The Couples Therapist "LAB":
An Opportunity for Supervision and Study with Hedy Schleifer, MA, LMHC in Washington, DC
Colleagues have reached out to Hedy Schleifer asking if she would create an opportunity for supervision and study with her. In response to these inquiries, the Tikkun Learning Center designed a special program: The Couples Therapist “LAB.”
The first series of "LAB"s took place in the Spring of 2014 in Washington, DC. Therapists brought their questions, interests, issues, concerns and frustrations which arise in their work with couples. In an atmosphere of exploration, study and discovery, Hedy focused on the next steps to take in order to bring increased ease, flow and power to the therapists' couples practice. Taking place once a month in Washington, DC, each Sunday session of the "LAB" has been approved for 6.5 CE hours
Hedy says: “The “LAB” will have as its focus the mapping of the premises of the Relational Paradigm. It will explore the theoretical, clinical and philosophical implications for welcoming couples into their deepest intimacies. It will also provide a setting for looking at the multi-faceted and creative role of the couples therapist and the growth edges of our competence. The program will be custom made to fit the professional interests of the group that will gather.”
Learnings from the previous "LAB" sessions
Here are some of the learnings from the January 2014 "LAB":
- The concept of the therapist as "leader" stepping into the capacity to lead in the direction of living life and thriving, versus coping and surviving.
- The importance of the readiness of the therapist for 100% engagement with the couple.
- The essential commitment of the therapist to show up in their full aliveness.
- The importance for us therapists to keep looking at our own growth edge and our own adaptive mechanisms that keep us from being able to enter into the deepest connection with our clients.
- The creation of safety for the couple as a dedicated primary task and a bottom line responsibility.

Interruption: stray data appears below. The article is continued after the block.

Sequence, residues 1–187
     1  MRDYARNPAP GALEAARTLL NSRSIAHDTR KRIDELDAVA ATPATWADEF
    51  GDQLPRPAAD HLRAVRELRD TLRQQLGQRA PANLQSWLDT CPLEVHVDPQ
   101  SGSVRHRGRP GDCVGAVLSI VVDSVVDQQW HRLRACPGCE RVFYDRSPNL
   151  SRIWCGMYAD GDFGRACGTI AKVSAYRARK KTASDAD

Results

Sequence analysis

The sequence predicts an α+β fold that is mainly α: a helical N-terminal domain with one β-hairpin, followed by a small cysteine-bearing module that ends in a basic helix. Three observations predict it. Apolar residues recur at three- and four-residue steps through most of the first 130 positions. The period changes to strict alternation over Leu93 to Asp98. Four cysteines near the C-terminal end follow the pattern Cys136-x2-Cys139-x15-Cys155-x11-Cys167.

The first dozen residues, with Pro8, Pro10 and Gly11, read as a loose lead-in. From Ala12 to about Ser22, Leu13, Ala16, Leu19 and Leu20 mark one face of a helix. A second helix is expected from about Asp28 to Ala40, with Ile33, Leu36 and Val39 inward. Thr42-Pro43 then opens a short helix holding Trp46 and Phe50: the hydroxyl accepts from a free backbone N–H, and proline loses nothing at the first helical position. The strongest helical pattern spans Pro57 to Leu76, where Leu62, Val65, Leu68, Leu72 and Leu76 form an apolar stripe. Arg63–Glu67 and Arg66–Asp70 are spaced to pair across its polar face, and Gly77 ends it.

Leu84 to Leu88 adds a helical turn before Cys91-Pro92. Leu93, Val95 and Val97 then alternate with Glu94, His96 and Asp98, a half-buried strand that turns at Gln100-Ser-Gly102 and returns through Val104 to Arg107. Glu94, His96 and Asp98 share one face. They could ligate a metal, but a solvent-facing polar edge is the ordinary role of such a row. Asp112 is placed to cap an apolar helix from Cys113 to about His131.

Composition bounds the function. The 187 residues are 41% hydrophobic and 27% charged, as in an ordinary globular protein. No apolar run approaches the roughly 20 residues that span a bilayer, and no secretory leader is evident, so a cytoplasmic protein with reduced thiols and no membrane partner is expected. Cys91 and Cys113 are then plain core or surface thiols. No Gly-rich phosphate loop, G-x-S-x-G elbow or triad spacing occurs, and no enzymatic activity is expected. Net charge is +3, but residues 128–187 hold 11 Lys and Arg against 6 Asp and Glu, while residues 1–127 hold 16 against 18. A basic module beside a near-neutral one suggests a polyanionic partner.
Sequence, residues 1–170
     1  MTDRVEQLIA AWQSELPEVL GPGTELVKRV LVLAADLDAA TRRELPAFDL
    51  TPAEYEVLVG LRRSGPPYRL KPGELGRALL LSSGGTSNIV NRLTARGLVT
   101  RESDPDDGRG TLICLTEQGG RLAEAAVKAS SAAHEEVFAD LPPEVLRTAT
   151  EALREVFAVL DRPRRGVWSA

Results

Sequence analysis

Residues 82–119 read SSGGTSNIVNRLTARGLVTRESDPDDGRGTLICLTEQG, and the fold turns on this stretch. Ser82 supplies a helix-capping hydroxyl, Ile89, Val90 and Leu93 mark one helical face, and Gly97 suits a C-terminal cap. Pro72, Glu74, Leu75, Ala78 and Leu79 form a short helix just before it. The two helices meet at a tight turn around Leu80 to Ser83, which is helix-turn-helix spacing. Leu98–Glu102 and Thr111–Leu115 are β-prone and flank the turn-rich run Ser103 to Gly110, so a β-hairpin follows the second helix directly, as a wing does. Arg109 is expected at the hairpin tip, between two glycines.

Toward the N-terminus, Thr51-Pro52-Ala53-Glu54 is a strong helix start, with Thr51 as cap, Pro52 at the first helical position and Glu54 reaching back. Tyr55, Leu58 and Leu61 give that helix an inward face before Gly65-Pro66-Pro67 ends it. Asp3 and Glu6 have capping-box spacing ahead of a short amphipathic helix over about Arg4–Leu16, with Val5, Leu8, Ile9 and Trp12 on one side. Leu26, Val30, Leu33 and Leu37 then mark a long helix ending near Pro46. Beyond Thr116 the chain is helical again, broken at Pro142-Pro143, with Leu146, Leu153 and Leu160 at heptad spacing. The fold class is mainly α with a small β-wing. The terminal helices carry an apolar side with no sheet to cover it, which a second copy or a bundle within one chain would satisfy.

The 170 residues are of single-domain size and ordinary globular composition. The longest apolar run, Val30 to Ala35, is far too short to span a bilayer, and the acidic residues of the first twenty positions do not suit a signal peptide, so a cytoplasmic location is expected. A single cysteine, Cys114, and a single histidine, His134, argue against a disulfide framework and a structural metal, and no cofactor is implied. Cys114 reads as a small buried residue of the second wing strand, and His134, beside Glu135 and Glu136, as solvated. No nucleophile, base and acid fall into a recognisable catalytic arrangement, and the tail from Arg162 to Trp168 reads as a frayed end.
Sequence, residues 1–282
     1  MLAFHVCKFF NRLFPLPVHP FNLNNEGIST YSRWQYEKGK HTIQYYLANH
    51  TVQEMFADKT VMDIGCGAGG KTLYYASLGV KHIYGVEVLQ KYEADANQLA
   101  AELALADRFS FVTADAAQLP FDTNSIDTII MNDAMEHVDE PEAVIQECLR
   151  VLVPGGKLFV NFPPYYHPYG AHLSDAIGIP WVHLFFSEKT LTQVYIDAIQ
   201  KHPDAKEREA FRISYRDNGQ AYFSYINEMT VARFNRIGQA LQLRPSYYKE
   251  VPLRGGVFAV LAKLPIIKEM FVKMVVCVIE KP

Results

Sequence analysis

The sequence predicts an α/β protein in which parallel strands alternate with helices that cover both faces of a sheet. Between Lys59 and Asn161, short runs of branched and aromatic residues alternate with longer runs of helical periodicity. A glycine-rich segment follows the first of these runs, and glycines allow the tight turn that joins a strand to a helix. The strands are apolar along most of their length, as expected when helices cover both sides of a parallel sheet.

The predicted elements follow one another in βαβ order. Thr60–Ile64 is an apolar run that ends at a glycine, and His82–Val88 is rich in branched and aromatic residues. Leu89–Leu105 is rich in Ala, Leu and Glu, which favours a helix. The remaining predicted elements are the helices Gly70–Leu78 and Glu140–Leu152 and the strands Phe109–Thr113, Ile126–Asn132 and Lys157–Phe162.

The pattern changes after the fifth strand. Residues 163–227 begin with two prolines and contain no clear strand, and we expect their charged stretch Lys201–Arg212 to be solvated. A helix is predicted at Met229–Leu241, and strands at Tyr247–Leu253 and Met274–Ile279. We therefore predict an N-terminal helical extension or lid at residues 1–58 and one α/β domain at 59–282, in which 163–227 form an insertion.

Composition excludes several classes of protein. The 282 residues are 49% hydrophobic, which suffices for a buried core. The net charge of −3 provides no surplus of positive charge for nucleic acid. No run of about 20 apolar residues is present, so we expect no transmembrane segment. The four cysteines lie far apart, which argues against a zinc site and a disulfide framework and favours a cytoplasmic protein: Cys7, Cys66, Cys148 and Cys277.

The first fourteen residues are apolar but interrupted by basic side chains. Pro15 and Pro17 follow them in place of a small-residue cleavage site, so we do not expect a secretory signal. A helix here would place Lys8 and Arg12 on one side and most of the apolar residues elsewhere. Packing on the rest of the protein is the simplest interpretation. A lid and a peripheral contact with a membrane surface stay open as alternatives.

- The therapist's responsibility to inspire the couple to take 100% responsibility for the relational space between them.
- The importance of the therapist's calmness, presentness, preparedness and self-discipline.
- Slowing down the pace of the work to create full presence and limbic resonance.
- The distinction between the therapist as the expert in fixing the problem, versus the guide in opening possibilities for generative growth.
- The distinction between the two hats: the hat of the therapist and the hat of the leader, and the wisdom to know which one to wear when.
The February 2014 “LAB” yielded some core learnings for all of the participants. Five of them stand out:
- Developing and deepening the generative metaphor of the "neighborhoods" of our worlds
- Slowing down the therapeutic process to make sure that connections are made "essence to essence."
- Embracing every single moment of the process as in welcoming all the "guests" from the Rumi poem: The Guest House.
- Entering implicit memory by conjuring up the childhood climate through the actual "address" of the childhood home.
- Bringing the "All is Well" frame of mind to keep one's lightness of being in the therapeutic process.
Session three, the March 2014 "LAB", yielded some productive learnings, both from the lecture portion on "When a couple says Good Bye", and from the live demonstration about the depth of the encounter and the importance of the therapist as "choreographer."
To express your interest and be notified when the next Couples Therapist "LAB" is taking place in Washington, DC, please complete the following: